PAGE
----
When I read the F.B.I director's speech to the Justice Society of America, I felt like I was reading a description of our nation today. Here is part of what he told them when they arrived in his Washington office:
Even our colleges are overrun with alien teachers and students, preaching hatred for democratic ideals! Telling young men and women of America that freedom is useless---outmoded! Soapbox orators stir up class and race hatreds! Strong arm tactics are being used against our patriotic but helpless workers!
While this sounds all too current, especially the part about the brainwashing of gullible young people in institutions of higher learning, the story takes place in 1940 just prior to U. S. involvement in World War II. The Atom, being Al Pratt, college student, takes on the college infiltrators and Johnny Thunder sees some action alongside Atom.
It's scary that circumstances paving the way for tyrants are repeating themselves in this country and scary that the comic publishers have unfortunately gone P.C. on us as opposed to working to instill the patriotic values that comics were all about in the Golden Age. I admit, though, that even then the pro-war propaganda was more than over-the-top and not objective at all. Comics have never, to my knowledge, been published by brave trailblazers, but by drones who merely mimic the spirit of the age. Comics are great entertainment, but I've always wished they would stay out of the social propaganda business. But enough of that.
All-Star Comics #4 is the issue in which the (unnamed) F.B.I. director briefs the JSA, giving each member sealed instructions to destroy after opening. These instructions send each member to a different part of the country to defeat the foreign spy rings discovered by U.S. intelligence. Each ring is but a cell of a larger organization ran by a leader in Toledo, Ohio. The story concludes with the entire JSA teaming up in Toledo to take down the organization.
The "grey shirts" are obviously Nazi party sympathizers, but aren't named as such. Flash takes a group of them on who are out to propagandize the working class. A still timely statement by the Flash rebukes a criminal for "yelling about your rights under a constitution you're trying to overthrow." We have certainly seen more than our share of that in recent times.
Green Lantern is next, who as Alan Scott, radio engineer, investigates interference in radio reception across the country--an obvious effort to break down America's communication systems. Scott's leading lady, called the "charming Irene Miller," and co-worker of Scott, takes matters into her own hands and becomes the stereotypical damsel in distress who must depend upon Green Lantern for rescue. A rather silly incident is when Irene parachutes out of a commercial airliner against the orders of a flight attendant. It's about as ridiculous as the previous issue where Sandman puts all the guests in a hotel to sleep so the JSA can have a private meeting in the conference room. But comics were for kids back then.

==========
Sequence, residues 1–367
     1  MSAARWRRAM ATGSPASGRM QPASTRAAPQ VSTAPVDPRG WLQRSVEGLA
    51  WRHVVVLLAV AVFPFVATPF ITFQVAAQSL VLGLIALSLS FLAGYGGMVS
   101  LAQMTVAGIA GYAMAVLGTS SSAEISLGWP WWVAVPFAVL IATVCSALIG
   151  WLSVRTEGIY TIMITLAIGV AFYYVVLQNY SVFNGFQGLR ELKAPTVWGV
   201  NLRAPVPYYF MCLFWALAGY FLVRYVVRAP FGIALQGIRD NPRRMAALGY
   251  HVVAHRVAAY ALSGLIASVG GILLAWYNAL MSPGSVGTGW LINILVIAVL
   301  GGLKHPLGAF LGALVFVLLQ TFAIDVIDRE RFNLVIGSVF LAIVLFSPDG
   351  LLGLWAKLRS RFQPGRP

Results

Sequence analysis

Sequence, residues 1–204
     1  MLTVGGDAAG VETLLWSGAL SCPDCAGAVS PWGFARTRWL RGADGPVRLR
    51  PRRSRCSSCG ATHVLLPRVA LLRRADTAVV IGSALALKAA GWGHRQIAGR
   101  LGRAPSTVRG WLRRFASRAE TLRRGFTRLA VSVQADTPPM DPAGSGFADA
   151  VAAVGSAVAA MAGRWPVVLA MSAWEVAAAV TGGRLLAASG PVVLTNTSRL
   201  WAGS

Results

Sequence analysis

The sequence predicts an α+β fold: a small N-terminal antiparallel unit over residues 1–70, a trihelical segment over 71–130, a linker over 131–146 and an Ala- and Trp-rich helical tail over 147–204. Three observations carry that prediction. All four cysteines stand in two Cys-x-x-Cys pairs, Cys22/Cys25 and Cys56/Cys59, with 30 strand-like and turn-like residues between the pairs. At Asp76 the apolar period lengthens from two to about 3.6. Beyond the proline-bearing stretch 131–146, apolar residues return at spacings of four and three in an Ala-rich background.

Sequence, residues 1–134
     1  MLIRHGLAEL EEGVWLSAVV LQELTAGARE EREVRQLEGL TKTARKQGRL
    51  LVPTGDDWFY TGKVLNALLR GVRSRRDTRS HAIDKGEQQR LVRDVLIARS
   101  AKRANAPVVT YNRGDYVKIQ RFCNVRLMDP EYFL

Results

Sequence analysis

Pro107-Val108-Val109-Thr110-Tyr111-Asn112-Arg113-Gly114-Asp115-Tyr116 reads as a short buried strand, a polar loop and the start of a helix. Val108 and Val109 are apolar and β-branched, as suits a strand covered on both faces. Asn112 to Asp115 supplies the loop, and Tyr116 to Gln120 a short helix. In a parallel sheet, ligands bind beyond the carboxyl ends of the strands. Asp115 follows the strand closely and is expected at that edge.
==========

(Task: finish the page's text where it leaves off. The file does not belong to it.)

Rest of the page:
The Spectre and Dr. Fate were just all too powerful. Spectre, surprisingly nicknamed the "Dark Knight" in the narration, manages to turn back time, summon up visions of previous events, freezes crooks in their tracks, and reads minds. Good thing his stories were short back then since it would be difficult to write much of a lengthy plot to challenge this guy. Dr. Fate is just as powerful, not needing to open his sealed envelope to know what's inside. He casts spells over broadcast wires and blows up bad guys' guns by just thinking about it. He can read minds, cause chains to materialize from nowhere, find crooks by using a crystal ball, and summon F.B.I agents with the use of a dark cloud. Not much can challenge this guy.
Hour Man spends most of his time as Rex Tyler undercover in the Oklahoma oil fields. His actions inadvertently get some bad guys killed, but he comments that they met a deserving end. Yes, comics have changed over the years.
Sandman defends freedom of the press helping a newspaper threatened in regard to what they print. He also breaks up an impressionable gang of youths taken under the wing of pro-tyranny forces. But it turns out these youths were just "looking for adventure," so by the end Sandman has them singing "God Bless America" just prior to enlisting in the Army. Cheesy.
While many elements of comics in this era were juvenile by today's standards, they were in some cases ahead of their time. One surprising element for this era is that Green Lantern meets a German-American who happens to be a tyranny-opposing patriot. Hawkman shows up at Shiera's bedside for the second issue in a row, but prior to that, she shows up at his. She gazes upon a sleeping Hawkman, who laughably just happens to sleep in his superhero headgear. The Hawkman story stood out again this issue due to the superior art of Sheldon Moldoff.
You can read All-Star Comics #4 in All-Star Comics Archives Volume 1 or buy it digitally on comixology.